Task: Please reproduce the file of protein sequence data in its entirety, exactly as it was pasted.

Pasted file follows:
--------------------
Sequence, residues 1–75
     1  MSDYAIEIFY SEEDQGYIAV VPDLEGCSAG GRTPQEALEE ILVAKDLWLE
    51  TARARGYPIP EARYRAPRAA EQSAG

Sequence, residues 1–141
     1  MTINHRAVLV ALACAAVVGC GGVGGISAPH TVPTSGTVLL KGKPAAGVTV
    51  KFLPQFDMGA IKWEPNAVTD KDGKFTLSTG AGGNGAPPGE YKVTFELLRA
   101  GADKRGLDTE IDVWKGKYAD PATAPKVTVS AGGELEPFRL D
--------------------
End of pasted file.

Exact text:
Sequence, residues 1–75
     1  MSDYAIEIFY SEEDQGYIAV VPDLEGCSAG GRTPQEALEE ILVAKDLWLE
    51  TARARGYPIP EARYRAPRAA EQSAG

Sequence, residues 1–141
     1  MTINHRAVLV ALACAAVVGC GGVGGISAPH TVPTSGTVLL KGKPAAGVTV
    51  KFLPQFDMGA IKWEPNAVTD KDGKFTLSTG AGGNGAPPGE YKVTFELLRA
   101  GADKRGLDTE IDVWKGKYAD PATAPKVTVS AGGELEPFRL D